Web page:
Walking On The Guy Side And Other 21st Century Questions Of Chivalry
I was walking down a city street recently with a male friend. He was on the interior side of the sidewalk, closest to the buildings, and I was on the outside, closest to the street. When I noticed how we were situated I asked, somewhat jokingly, whether we should switch so that he could be on the “guy side” of the sidewalk. His response was a puzzled stare before asking what I meant.
I’ve always assumed – naively, as it turns out – that everyone knows what the guy side of the sidewalk is. But when I explained to my friend that it’s the side closest to the street, theoretically so the man can protect his female companion from the danger of traffic, he confessed that he’d never before heard of it. Say what?!
Interestingly enough, a few weeks ago I was in a similar situation with a work colleague and he himself moved around me and said something about needing to be on the guy side. This at least reassures me that I’m not making the whole thing up.
These recent interactions about the guy side of the sidewalk bring to mind the age ol’ question about chivalry and whether or not it’s dead. But as I’m pondering the issue, I find myself wondering if the better question might be how we’re nowadays defining it.
I oftentimes find myself seeing blurred lines between chivalry and simple politeness. I’ll hold a door open for a guy just as he does for me. At the same time, because I’m in NYC and am on elevators all the time, I’m well aware that guys generally let women step into the elevator before they do. And to be honest, it would seem a little weird to me for that one to be reversed. So is that the distinction? If the gesture is reciprocated it’s polite; if not, it’s chivalrous? A guy holds a chair out for you at a restaurant. Would be weird to do that for him, no? So are chair holding and elevator etiquette chivalrous?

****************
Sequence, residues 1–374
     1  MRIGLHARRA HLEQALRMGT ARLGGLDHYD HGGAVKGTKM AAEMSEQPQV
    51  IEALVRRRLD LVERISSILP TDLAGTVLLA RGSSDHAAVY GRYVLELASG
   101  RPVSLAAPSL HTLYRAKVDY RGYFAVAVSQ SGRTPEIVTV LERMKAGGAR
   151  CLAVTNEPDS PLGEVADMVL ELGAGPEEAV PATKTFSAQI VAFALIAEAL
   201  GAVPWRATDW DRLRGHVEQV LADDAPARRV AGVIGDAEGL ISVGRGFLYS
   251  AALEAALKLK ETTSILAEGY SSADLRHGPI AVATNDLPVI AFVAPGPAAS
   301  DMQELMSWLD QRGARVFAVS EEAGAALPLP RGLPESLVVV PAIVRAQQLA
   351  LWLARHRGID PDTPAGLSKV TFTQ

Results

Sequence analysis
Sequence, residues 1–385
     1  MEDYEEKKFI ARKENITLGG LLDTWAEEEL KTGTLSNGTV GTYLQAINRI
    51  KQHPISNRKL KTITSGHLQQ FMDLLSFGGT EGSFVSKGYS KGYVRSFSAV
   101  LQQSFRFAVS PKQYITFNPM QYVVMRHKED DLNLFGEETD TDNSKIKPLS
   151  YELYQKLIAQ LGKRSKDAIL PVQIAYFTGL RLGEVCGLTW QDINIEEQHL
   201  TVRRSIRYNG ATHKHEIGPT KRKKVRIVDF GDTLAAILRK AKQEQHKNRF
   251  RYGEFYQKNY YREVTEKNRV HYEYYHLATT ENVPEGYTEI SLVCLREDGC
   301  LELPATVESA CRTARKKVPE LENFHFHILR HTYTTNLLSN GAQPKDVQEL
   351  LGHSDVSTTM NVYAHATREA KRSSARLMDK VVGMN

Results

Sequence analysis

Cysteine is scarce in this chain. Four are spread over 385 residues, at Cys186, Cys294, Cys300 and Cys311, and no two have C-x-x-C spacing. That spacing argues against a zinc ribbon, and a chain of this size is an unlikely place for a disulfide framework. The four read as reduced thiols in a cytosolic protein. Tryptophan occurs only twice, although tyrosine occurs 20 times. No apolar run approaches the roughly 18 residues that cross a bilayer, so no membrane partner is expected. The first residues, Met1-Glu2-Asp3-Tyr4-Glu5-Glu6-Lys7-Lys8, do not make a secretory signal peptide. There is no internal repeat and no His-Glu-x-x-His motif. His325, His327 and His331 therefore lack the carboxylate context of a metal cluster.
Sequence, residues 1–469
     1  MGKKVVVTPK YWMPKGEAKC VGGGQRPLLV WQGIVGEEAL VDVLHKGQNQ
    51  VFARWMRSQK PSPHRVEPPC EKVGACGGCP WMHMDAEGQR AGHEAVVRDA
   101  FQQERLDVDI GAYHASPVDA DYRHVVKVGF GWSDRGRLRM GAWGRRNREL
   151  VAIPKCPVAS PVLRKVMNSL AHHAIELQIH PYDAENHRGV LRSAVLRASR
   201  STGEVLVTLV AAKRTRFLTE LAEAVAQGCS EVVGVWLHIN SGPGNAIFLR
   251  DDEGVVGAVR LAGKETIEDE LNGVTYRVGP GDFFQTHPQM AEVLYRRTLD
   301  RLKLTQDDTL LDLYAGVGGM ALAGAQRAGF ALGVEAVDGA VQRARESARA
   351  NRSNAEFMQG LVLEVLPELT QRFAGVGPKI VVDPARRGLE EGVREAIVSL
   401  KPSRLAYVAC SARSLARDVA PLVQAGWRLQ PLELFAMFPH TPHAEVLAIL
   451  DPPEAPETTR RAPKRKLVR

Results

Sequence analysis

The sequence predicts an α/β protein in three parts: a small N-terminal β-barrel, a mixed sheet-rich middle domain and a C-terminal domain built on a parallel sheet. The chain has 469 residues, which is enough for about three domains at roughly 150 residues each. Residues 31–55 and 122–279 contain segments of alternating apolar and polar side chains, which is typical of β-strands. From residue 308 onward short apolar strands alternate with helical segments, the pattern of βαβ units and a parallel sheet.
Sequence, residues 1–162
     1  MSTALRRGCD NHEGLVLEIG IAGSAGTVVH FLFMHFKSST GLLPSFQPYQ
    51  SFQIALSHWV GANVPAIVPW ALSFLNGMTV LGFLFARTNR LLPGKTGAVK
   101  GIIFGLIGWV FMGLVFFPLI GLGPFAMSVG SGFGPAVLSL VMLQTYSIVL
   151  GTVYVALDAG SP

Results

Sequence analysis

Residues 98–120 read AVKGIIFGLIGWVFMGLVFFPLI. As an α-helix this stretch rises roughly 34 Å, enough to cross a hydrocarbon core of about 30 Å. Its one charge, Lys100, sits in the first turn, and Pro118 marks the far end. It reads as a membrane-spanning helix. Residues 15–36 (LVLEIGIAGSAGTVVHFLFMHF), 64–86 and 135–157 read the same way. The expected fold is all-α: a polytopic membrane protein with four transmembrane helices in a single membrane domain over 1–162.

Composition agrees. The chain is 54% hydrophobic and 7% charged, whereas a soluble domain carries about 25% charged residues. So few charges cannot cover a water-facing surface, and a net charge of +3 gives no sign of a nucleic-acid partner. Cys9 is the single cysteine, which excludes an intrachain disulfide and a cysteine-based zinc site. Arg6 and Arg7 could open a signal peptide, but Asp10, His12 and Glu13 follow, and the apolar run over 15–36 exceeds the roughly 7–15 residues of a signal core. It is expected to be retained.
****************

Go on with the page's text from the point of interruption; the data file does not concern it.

There are some women who feel that any gestures from men that were once considered chivalrous should now be shunned. We’ve made our way up in the world by hard work, courage, and a whole lotta determination. Financially, we’re still making less than the guys, but we’re doing OK so we can buy our own drinks, thank you very much. Well, yeah, I can. But …
There are some things that, frankly, I just like when guys do them. For example, being sensitive to the presence of women during social conversation. Hey, I write erotic romance so I’m no prude. Yet, I don’t want to be “one of the guys” and guffaw at their tit and pussy jokes like I’m standing in their locker room. I’m cool with having them tone it down when I’m around.
In the end, call it chivalry, call it politeness, or call it simple respect for our gender. I think it’s just really nice to be treated like a lady.
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